Plied the snouted mole his spade;
For my taste the blackberry cone
Purpled over hedge and stone;
Laughed the brook for my delight
Through the day and through the night,
Whispering at the garden wall,
Talked with me from fall to fall;
Mine the sand-rimmed pickerel pond,
Mine the walnut slopes beyond,
Mine, on bending orchard trees,
Apples of Hesperides!
Still as my horizon grew,
Larger grew my riches too;
All the world I saw or knew
Seemed a complex Chinese toy,
Fashioned for a barefoot boy!

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Oh for festal dainties spread,
Like my bowl of milk and bread;
Pewter spoon and bowl of wood,
On the door-stone, gray and rude!
O’er me, like a regal tent,
Cloudy-ribbed, the sunset bent,
Purple-curtained, fringed with gold,
Looped in many a wind-swung fold;
While for music came the play
Of the pied frogs’ orchestra;
And, to light the noisy choir,
Lit the fly his lamp of fire.
I was monarch: pomp and joy
Waited on the barefoot boy!

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Cheerily, then, my little man,
Live and laugh, as boyhood can!
Though the flinty slopes be hard,
Stubble-speared the new-mown sward,
Every morn shall lead thee through
Fresh baptisms of the dew;
Every evening from thy feet
Shall the cool wind kiss the heat:
All too soon these feet must hide
In the prison cells of pride,
Lose the freedom of the sod,
Like a colt’s for work be shod,
Made to tread the mills of toil,
Up and down in ceaseless moil:
Happy if their track be found
Never on forbidden ground;
Happy if they sink not in
Quick and treacherous sands of sin.
Ah! that thou couldst know thy joy,
Ere it passes, barefoot boy!

—John Greenleaf Whittier (1855)

Yay, Summer! Indeed!

Nightmares

Library love #7yearold #firstgrade #son #mamainthepicture #mamaandbaby

Asher has been having a fair (or unfair) number of nightmares lately. I feel for the kid, honestly. I still remember the vivid, horrifying nightmares of my own childhood. These bad dreams are freaky and they result in sweats and many tears. And, of course, they result in requests to sleep with us, or requests for one of us to sleep with him.

Tonight my little love is having a hard time going to sleep. It could be the temperature warming. It could be that he’s overtired—the boy runs solidly without rest from morning to night. It could be that Daddy’s not yet home. I suppose he could also be getting sick.

Whatever it is, I’ve put him to bed now four times.

As I was lying there with him in his bed, wishing that he would sleep, he sobbed: “Mama, I’m sooo tired! And I’m sooo sorry I keep making you come back and forth! I just don’t want to be without you.”

There’s nothing quite like when my child in need notices I am short on patience to make me feel chagrined. I took a deep breath and settled into my role.

“I am always here for you, my love. You are safe and I am here.”

He whimpered a while longer. I held him close and he wrapped my arms even tighter around himself. Gradually his breathing slowed. I shifted and then he said, “Mama, it’s just like always when you are underwater and …”

 

… and he finally slept. For now. And I’m free to read my book or get ready for bed. But what I said before is true: I am always here for him. He is safe and I am here.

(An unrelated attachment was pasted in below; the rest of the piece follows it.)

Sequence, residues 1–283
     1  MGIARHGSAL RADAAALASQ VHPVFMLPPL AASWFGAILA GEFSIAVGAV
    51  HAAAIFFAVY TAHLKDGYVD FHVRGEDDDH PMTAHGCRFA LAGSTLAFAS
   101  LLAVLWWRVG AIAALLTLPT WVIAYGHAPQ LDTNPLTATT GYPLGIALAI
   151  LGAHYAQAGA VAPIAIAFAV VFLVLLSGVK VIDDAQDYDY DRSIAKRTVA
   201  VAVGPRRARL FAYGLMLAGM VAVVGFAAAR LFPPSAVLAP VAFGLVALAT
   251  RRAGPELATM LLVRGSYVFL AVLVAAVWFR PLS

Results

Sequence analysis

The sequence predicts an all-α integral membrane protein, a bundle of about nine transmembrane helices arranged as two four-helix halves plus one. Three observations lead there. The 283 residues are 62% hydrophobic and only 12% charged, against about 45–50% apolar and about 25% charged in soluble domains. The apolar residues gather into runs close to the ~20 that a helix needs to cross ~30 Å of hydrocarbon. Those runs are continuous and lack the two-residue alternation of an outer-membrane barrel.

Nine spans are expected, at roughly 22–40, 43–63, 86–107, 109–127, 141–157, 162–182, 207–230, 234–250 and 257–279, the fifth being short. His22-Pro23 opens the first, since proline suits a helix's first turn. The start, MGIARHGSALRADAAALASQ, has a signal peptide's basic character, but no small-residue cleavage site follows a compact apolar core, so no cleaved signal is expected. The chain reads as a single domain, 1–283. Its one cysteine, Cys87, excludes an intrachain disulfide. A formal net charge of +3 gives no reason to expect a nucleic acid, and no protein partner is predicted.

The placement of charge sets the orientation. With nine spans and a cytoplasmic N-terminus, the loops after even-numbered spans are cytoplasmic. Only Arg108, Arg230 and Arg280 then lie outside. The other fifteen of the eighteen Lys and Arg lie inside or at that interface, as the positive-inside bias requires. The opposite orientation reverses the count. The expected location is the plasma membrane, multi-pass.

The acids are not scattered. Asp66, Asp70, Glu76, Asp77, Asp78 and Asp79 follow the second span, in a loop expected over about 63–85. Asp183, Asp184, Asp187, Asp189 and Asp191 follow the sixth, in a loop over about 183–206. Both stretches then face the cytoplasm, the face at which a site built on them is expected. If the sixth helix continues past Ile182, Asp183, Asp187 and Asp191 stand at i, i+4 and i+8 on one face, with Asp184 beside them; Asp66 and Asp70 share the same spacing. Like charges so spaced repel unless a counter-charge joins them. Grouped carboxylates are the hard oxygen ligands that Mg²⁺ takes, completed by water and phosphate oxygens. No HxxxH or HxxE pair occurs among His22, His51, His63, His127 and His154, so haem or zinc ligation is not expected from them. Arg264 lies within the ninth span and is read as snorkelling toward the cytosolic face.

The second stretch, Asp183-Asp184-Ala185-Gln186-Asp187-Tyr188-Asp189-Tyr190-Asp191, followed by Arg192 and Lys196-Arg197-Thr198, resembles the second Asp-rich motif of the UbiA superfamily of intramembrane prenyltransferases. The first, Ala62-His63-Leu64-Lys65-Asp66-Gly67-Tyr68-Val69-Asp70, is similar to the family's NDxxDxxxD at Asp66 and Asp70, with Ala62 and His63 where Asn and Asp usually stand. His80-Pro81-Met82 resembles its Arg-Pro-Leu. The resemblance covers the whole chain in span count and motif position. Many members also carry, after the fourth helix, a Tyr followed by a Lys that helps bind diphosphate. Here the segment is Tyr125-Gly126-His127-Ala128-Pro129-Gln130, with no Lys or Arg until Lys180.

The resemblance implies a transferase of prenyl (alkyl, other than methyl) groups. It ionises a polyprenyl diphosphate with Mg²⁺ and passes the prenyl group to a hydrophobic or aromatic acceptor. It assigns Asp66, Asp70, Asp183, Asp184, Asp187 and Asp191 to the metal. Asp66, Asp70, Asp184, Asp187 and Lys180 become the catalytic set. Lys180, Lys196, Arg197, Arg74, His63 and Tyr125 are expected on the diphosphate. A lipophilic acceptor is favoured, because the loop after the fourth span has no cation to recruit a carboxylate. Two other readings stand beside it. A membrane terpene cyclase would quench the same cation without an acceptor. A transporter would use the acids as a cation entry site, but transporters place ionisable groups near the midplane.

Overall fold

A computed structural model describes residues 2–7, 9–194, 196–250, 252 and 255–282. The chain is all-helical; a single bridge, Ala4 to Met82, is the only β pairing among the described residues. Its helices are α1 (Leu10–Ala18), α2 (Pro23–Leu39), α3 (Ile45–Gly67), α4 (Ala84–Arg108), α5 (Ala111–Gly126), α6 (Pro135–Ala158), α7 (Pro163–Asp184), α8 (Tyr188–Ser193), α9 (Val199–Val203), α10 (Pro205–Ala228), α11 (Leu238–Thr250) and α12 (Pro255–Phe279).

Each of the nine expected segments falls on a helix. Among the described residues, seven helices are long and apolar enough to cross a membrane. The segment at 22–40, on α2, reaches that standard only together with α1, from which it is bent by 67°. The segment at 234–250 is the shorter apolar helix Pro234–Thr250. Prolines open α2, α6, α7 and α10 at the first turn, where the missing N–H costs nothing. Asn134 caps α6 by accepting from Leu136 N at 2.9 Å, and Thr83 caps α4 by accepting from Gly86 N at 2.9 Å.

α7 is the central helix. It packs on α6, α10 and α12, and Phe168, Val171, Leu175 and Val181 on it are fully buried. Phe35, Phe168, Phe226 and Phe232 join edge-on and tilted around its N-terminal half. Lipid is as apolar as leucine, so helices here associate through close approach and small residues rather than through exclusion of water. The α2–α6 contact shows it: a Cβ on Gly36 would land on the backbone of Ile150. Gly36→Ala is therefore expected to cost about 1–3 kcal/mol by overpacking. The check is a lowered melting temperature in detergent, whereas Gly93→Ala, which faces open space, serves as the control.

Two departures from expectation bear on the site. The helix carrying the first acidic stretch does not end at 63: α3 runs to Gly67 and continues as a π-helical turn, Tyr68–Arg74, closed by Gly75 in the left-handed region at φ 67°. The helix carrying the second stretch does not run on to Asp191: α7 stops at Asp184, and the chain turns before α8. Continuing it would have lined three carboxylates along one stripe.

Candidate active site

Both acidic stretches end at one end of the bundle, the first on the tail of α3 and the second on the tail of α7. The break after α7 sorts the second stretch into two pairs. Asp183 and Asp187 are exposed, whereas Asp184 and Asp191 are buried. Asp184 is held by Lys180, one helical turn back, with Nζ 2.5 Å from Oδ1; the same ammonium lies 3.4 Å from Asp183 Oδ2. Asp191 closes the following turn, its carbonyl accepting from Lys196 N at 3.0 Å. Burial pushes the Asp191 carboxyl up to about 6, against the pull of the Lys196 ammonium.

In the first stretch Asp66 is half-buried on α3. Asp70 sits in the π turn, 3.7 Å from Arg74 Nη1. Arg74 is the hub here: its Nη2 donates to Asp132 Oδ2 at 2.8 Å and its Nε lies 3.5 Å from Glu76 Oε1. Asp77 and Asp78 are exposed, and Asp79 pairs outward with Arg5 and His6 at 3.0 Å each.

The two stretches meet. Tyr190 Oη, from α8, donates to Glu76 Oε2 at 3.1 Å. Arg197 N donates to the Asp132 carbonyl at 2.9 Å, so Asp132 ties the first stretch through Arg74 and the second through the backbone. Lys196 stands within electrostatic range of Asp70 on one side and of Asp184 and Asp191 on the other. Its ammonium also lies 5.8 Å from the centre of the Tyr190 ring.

Love Is …

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* A night out dancing and celebrating with my sparkling friends.
* Grandparents who take my boys overnight so I can be with adults at a nightclub.
* Friends who figuratively put on their wellies and step into the muck to help others, who sacrifice and do the work and give so much of themselves.
* Visiting my mother-in-law over coffee, and admiring how she has already thriving vegetable garden seedlings under a grow light in her dining room.
* New-to-us chairs from my parents; they’re more comfortable than any chairs we have, even if they are a shade or two too purple.
* Working all together on housekeeping chores that might not be fun, but that make our living together easier and our home the haven we want it to be.
* Giving away wonderful games and puzzles to my sweet nieces.
* A brief visit from my brother and his girlfriend, who brought us the chairs.
* Gardening time: I planted pansies, divided day lilies to make two new clumps, planted forsythia, planted two irises that have been in pots a while. I was able to divide each iris into several groups.
* Watching my garden come alive again with new shoots, daffodils, magnolia, and azaleas blooming, and tulips coming up. My plum trees are clothed in flower clouds, too.
* Rain. Yumptious, sloppy, wet rain that soaks the ground and demonstrates our persistent drainage problems.
* Flower and seed catalogs that come in the mail.
* Being done with basketball season, but also feeling so grateful for all Lucas learned, for his wonderful coach and teammates, and for a wholly positive experience.
* Having work to do, even if it’s not very interesting. I’m learning more about surgery than I ever have before.
* A reunion with my husband; although I hate it when he goes (and I try not to whine), I love it when he comes home.
* Taking my dad to a Ladysmith Black Mambazo concert this week
* Little Fur audiobooks, which are entertaining my little son while he’s home sick today.
* Window stars.
* Fractal vegetables and welcome-home dinners.
* The sixth-grade Waldorf curriculum, which is so brilliantly meeting our son.